Iron transport protein Serotransferrin (serum transferrin)
Sus scrofa (pig)
Iron is a very essential element for biological systems. It is prominent in many prosthetic groups like the heme groups of oxygen carrier and storage proteins. Iron is transported through the body to places where it is needed by large proteins called transferrins. Three different kinds of transferrins exist: ovotransferrins in egg whites, lactoferrins in extracellular body fluids and serum transferrins. All these transferrins are very similar, both in amino acid sequences and in their structures. They are monomeric proteins.
From the structure here, showing pig serum transferrin it may seem as if there were two molecules. That is not true; just one part of the chain in the middle of the structure is missing. They are however clearly divided into two separate domains, connected only by a short loop of 10 residues which is missing here. Each of these two domains forms a rather deep cleft in which an iron atom is bound, so there are two bound ions per molecule of transferrin. In prosthetic groups iron is often located at the center of a fairly large ring system. Here it is coordinated to five oxygen and one nitrogen atom. The nitrogen comes from a histidine sidechain while three of the oxygens come from two tyrosine sidechains and one aspartic acid sidechain. The remaining two oxygens come from carbonate (CO3), also bound here.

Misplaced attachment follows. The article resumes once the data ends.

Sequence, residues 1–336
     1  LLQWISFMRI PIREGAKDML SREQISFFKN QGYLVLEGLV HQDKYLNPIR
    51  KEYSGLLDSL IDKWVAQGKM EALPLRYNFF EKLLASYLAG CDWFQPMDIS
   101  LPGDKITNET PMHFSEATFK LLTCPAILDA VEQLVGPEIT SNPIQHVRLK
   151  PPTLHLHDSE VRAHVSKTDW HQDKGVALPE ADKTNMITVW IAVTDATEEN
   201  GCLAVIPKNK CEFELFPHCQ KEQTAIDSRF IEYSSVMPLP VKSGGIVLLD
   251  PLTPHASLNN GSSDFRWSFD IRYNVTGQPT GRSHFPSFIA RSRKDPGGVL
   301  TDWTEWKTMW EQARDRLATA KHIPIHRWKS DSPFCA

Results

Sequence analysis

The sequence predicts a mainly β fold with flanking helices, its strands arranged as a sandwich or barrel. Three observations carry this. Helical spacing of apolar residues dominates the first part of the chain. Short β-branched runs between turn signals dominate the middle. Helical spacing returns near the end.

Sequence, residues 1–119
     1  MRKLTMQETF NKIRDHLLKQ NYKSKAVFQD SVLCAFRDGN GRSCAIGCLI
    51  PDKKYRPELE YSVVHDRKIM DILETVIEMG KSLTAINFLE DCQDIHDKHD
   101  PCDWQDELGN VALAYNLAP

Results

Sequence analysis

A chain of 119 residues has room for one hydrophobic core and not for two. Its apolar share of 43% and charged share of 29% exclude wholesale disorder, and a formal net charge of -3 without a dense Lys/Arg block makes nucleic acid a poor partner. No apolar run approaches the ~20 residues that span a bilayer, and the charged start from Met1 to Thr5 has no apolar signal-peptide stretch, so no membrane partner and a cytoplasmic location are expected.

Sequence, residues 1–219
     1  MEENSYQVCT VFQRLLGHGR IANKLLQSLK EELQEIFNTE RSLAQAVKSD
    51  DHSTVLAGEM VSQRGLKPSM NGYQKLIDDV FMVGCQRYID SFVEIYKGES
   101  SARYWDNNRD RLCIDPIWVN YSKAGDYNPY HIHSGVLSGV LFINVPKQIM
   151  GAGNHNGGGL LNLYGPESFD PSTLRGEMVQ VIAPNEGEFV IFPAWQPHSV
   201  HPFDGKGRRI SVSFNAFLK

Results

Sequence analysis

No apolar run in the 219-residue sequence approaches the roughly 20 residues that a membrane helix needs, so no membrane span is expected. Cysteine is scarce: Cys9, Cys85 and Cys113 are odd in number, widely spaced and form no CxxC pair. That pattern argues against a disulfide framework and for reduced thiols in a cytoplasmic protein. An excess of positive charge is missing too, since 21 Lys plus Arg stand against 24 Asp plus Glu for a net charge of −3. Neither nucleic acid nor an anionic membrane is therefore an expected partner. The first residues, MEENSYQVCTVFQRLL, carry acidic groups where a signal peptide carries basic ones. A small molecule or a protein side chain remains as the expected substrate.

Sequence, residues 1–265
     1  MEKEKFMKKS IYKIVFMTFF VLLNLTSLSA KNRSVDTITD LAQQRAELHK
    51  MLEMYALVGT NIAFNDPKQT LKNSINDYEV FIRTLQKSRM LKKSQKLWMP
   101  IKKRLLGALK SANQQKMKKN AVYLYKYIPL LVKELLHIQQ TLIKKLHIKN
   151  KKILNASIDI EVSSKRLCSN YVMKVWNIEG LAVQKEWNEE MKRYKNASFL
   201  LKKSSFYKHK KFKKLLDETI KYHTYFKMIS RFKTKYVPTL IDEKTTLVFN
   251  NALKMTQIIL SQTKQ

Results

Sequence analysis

Protein Data Bank (PDB)
author: Arno Paehler